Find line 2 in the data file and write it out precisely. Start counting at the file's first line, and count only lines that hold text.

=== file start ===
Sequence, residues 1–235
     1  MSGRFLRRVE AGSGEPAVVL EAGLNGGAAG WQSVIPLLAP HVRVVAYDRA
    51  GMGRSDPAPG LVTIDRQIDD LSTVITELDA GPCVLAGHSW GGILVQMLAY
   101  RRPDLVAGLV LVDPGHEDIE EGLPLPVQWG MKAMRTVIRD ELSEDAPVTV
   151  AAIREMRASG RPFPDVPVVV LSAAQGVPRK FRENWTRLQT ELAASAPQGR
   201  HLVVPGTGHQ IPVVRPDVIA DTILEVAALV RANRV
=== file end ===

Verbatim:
     1  MSGRFLRRVE AGSGEPAVVL EAGLNGGAAG WQSVIPLLAP HVRVVAYDRA